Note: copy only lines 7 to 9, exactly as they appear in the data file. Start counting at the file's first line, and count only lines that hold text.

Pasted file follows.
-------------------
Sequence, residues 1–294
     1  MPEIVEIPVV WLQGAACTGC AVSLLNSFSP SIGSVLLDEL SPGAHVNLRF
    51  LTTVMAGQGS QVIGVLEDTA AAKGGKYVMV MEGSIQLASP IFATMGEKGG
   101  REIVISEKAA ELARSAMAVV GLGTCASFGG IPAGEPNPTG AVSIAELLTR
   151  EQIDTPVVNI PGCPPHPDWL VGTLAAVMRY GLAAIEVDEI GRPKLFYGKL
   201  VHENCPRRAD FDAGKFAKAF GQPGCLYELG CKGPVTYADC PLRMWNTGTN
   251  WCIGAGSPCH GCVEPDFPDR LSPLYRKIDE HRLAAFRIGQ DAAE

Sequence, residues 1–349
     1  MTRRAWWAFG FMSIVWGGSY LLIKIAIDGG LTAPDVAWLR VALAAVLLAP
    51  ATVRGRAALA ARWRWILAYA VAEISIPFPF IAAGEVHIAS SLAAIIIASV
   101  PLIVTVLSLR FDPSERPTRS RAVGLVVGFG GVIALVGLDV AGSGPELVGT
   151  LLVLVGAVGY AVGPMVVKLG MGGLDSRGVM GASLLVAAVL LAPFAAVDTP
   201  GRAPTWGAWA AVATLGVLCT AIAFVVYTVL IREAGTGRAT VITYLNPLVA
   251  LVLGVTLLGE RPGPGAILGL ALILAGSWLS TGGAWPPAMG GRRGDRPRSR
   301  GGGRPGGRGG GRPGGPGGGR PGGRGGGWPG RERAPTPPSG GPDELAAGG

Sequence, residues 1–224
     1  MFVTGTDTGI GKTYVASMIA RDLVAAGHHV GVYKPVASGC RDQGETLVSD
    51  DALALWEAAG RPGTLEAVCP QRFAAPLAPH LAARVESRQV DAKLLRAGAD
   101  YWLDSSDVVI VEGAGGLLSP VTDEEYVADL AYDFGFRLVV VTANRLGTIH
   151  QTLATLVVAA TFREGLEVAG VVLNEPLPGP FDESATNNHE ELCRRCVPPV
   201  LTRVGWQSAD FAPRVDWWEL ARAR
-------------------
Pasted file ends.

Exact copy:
   251  WCIGAGSPCH GCVEPDFPDR LSPLYRKIDE HRLAAFRIGQ DAAE

Sequence, residues 1–349
     1  MTRRAWWAFG FMSIVWGGSY LLIKIAIDGG LTAPDVAWLR VALAAVLLAP